Poster Theater Flash Session
Nutritional Immunology and Inflammation
Wheat consumption has declined the past two decades amid growing concerns about gluten-sensitivity. To determine if genetic manipulations of wheat contribute to gut inflammation, we investigated the effects of modern and heirloom wheat on gut health under normal and western diet (WD) conditions.
Six-week old C57BL/6 male mice were utilized in a 2x3 factorial design with diet (control [AIN-93G] or WD, 45% fat) and wheat flour (control, 10% heirloom [Turkey] or modern [Gallagher]) as factors. After 6 wks on diets, body composition was assessed, and blood and tissue specimens were collected to evaluate metabolic parameters, as well as systemic and intestinal indicators of inflammation and barrier integrity. Cecal short-chain fatty acids (SCFAs) were also assessed. Data were analyzed using 2-way ANOVA (SAS, Version 9.4) unless tests of normality failed, in which case Friedman’s test was performed.
Results : Body weight, % body fat, fasting glucose, total cholesterol, and NEFA were increased with WD and wheat had no effect on these metabolic parameters. Serum C reactive protein and lipopolysaccharide binding protein were not changed by WD or wheat. WD decreased the SCFA, acetic acid, but adding Gallagher wheat to WD restored levels to control (PWD*Wheat< 0.05). No other SCFA were altered. Histological evaluation revealed reduced villi height (P< 0.05) and area (P< 0.05) in the jejunum with WD and wheat did not alter this response. Within the ileum, Gallagher increased villi area (P< 0.01) relative to control, but no other changes were noted. No effects of WD or wheat on villous atrophy or lymphocyte infiltration within the jejunum, ileum or colon were observed. Overall, gene expression of tight junction proteins was unaffected by WD or wheat, except for a reduction in junction adhesion molecule-3 (Jam3) by WD (P< 0.05). Within the ilial lamina propria, WD increased interferon-γ (IFNg) (P< 0.05) and adding Turkey wheat suppressed interleukin-17 (IL17) (PWD*Wheat< 0.05) relative to other groups. No other inflammatory cytokines (tumor necrosis factor-α [Tnf], IFNg, and Il6) were altered by wheat.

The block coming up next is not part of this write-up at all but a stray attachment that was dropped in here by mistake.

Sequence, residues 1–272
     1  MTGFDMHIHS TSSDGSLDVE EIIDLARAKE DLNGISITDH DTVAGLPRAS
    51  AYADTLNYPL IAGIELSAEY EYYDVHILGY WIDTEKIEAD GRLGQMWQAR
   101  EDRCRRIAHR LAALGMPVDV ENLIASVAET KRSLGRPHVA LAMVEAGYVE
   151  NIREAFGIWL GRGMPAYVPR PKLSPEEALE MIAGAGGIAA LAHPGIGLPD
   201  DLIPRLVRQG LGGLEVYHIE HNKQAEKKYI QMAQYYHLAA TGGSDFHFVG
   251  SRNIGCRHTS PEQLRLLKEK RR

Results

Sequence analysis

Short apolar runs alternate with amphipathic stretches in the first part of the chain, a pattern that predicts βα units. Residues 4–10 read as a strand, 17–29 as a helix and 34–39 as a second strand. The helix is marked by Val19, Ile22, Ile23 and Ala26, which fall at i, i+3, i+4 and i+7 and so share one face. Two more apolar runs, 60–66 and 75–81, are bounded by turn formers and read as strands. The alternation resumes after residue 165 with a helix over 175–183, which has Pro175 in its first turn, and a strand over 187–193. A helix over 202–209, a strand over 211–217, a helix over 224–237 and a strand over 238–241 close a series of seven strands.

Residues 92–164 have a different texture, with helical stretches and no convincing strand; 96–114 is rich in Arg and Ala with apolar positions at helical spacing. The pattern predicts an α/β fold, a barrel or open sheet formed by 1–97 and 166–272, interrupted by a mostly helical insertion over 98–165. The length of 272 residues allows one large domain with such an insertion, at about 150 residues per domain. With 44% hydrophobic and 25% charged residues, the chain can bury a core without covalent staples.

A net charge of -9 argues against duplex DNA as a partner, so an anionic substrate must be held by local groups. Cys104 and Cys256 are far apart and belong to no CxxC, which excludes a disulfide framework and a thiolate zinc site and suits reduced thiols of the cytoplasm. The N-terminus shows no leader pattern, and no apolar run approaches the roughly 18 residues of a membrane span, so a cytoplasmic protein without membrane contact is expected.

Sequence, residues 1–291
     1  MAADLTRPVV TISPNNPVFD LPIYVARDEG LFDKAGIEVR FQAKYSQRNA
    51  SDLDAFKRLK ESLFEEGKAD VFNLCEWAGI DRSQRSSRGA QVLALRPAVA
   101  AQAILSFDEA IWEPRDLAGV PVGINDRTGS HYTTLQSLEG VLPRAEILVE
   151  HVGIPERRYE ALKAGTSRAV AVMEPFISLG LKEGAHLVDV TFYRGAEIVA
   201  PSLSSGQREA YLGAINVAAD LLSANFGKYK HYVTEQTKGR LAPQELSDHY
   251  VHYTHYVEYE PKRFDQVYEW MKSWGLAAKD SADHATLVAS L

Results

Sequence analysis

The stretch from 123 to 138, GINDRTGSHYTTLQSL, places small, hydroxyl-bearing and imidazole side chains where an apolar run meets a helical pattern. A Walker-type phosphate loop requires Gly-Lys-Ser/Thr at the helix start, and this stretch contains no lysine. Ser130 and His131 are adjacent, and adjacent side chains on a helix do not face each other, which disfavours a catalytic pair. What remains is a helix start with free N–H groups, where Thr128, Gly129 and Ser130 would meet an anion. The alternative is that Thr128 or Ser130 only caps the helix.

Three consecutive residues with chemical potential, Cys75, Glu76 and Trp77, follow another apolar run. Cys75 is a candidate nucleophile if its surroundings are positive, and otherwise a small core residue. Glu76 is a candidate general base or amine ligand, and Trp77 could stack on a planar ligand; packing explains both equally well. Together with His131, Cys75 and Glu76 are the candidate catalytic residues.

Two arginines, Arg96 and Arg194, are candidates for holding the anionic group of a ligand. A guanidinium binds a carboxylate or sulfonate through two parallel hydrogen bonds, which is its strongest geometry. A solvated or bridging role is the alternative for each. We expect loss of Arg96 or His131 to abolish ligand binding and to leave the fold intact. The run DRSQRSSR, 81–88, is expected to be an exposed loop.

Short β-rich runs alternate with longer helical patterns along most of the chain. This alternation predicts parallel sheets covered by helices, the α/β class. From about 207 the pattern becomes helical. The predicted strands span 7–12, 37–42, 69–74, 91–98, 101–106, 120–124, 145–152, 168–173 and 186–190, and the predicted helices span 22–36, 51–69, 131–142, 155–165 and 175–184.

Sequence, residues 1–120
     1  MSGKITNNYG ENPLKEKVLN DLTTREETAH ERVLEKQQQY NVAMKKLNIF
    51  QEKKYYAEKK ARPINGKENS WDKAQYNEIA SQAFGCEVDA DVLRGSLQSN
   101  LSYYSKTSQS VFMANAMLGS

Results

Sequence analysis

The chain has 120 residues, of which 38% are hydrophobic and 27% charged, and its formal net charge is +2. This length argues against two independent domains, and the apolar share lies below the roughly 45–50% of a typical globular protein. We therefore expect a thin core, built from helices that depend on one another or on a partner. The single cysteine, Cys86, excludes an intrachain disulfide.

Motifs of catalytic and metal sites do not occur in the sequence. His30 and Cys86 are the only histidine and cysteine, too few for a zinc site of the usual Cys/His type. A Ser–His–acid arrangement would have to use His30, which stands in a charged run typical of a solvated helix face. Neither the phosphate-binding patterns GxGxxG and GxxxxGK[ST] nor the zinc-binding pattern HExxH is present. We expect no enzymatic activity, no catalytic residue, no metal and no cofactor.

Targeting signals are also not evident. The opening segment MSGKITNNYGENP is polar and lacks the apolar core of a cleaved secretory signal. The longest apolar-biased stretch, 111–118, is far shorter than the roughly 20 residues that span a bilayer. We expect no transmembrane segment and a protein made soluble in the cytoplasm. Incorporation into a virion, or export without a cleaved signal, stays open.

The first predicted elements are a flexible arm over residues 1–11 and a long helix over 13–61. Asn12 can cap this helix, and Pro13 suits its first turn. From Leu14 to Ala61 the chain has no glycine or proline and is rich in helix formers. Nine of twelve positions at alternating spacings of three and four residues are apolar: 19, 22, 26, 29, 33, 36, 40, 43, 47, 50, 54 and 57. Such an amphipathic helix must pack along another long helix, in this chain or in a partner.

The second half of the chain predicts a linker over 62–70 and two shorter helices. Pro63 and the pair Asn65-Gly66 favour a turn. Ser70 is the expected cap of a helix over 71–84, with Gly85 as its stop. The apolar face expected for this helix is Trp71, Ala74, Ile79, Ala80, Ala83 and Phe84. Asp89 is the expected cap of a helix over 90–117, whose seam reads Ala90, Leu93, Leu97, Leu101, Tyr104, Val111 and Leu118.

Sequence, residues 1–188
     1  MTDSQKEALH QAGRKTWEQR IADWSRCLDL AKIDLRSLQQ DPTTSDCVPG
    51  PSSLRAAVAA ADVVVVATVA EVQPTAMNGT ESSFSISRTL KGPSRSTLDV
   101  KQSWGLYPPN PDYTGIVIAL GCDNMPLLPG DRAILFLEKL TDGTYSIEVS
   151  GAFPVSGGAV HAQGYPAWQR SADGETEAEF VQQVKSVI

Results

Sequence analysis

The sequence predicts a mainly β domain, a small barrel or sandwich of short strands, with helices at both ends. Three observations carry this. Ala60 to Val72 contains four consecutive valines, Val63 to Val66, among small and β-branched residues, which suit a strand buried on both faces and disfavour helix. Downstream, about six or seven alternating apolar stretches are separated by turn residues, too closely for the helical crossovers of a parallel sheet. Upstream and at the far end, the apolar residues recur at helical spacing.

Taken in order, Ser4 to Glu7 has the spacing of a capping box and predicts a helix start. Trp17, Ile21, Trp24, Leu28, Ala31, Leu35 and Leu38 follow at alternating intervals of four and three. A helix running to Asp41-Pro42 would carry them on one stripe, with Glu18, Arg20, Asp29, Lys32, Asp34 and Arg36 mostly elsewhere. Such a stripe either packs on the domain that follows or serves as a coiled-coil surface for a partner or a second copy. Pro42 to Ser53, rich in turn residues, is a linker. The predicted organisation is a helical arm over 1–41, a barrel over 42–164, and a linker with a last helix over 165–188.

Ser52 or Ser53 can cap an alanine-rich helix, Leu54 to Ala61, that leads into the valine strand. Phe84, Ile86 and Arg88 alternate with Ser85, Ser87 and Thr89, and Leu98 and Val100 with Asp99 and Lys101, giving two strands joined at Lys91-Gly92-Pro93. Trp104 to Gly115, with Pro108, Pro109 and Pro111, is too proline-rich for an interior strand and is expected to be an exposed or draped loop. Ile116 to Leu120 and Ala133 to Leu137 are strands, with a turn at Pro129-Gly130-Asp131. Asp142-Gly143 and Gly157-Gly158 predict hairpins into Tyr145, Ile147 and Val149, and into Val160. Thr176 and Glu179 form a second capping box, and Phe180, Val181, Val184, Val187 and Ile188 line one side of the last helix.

These findings indicate modern wheat (Gallagher) did not comprise barrier function or contribute to gut inflammation relative to the Turkey variety.
Funding Sources :
Oklahoma Wheat Commission